There are two questions lawyers are asked by family and friends from the moment word gets out that law school has begun: “How could you represent a rapist and still consider yourself to be a good person?” and “What should I do if I’m arrested or have been stopped by the police?”
Today we’ll take a stab at the second question primarily because I’m sick of answering the first question, plus my testy Editor has ordered me to have an answer on his desk by Wednesday. I don’t know what’s going on but he had quite a few diagrams of a local bank spread out across his desk the other day and he was asking all sorts of questions about how to reach me in the middle of the night.
So what should a person do if they’ve been arrested? But first a disclaimer: the police tend to dislike this type of advice (and the people who give it) because they see it as interfering with their primary investigative function. In our adversarial system it is one of the defense attorney’s functions to make sure that people understand their various civil rights. I recognize that this type of advice does interfere with the police function but that that is precisely what I do for a living, so here goes. I figure we’ll start with the technical legal response.
Shut the hell up Francis, the nice police officer is not your friend after she has placed the handcuffs on your wrists or if she is asking you how your car managed to be in the ditch….just shut up!
It is true that the police are awesome and that they come when we need them and I’m not being facetious…the police are your friend in the overwhelming majority of your interactions with them. So please don’t take this to mean that you should not call the police if you see some knucklehead slapping some kid around…or you work at Penn State and the coach is lathering up with a ten year old.
No, my friends today we are dealing only with YOU and what YOU need to do if you’re arrested and want to preserve the ability to have a fair trial. You see, the police are most assuredly not your local “Officer Friendly” once they slap the cuffs on you….they are listening to every word you utter so that they can use your words against you in court. I get it, since you were in third grade you’ve been taught to tell the truth and to cooperate with the police….but when the police officer has made a determination that you have committed a crime and placed you in custody you are not required to cooperate….if you do, do so at your peril.
But I can explain that they have the wrong guy.
Maybe, but it is highly unlikely at the scene and once the arrest determination is made the police are generally reluctant to let people leave. You may feel that you have “nothing to hide” and while you may be completely innocent—you’ll be wasting your breath in most cases trying to convince the police officer. You need to “tell it to the judge” is a common refrain from police officers and they mean it because only a judge (or jury) matters once you’ve been charged. The police gather information and they make arrests if they believe that they have probable cause, or reasonable suspicion, to do so. The officers smiling at you across the table have already decided that YOU are their man…don’t be offended if they have trouble believing you that it’s all a big misunderstanding. They do not prosecute the arrested suspect, they do not decide questions of quilt and they do not impose sentence upon conviction. The fact that the other guy started it or that the country club you were at for the past seven hours has a two drink limit might not be enough for the local chief to start drafting an apology. No sir, you are their guy or gal and they are listening in the hope that you confess, say something inconsistent or that you fill in the blanks on details of the night’s events.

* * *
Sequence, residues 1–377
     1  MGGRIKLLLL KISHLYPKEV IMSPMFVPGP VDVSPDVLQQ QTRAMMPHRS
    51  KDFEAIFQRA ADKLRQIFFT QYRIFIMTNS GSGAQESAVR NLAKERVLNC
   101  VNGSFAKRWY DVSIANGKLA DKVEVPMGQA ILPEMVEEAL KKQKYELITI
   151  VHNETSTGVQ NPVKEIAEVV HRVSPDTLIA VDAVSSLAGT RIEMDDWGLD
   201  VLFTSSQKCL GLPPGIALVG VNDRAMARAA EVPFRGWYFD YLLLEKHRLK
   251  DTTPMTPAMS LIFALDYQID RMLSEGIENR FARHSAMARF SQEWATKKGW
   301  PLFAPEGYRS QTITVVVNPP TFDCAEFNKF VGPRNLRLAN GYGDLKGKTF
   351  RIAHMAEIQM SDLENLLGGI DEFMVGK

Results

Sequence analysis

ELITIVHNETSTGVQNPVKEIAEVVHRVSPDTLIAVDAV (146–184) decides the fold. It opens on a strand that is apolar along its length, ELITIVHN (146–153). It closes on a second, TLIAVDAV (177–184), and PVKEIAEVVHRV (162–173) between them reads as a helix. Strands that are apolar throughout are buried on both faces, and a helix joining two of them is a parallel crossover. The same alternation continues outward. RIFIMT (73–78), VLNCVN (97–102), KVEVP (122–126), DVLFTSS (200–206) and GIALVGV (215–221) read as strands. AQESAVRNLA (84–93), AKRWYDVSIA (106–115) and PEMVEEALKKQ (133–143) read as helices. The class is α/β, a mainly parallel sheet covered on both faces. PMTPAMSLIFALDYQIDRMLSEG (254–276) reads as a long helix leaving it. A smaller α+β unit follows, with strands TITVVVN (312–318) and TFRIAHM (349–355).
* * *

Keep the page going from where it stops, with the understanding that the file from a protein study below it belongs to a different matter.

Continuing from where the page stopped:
Let’s be very clear about one thing; the vast majority of police officers are decent, hardworking and honest….with one unique qualifying attribute. They have a tendency to be bulldogs when defending their decision to arrest an individual. Police should be as objective as possible when evaluating the facts of a case but I have yet to meet the officer who will readily agree that they arrested the wrong person. It just doesn’t happen. When the police make an arrest they are usually convinced that they made the right decision and they tend to view the facts in a very different light than you or a jury might.
I am always amazed when a prospective client tells me that he was arrested, and refused the breathalyzer test, but then submitted to the field sobriety tests and was just chatting up a storm. You would not believe how many people actually delude themselves into thinking that they managed to convince the police that they were not intoxicated and that they managed to make friends with the arresting officer.
Please do not drink and drive, but if you are stopped and the officer begins to ask questions about whether you’ve been drinking and if you have a right to refuse the breath test and you elect to do so…why would you submit to a handful of field sobriety tests
It may ultimately be in your best interests to speak with the police….just make certain that when you do you have an attorney next to you and that you and your attorney have a signed agreement that what you say cannot be used against you. So if you are arrested and you are overwhelmed with the desire to speak…try this
“I’d like to speak with an attorney right now”!
You’ll know you’ve made the right decision when the officer doesn’t seem quite so friendly anymore.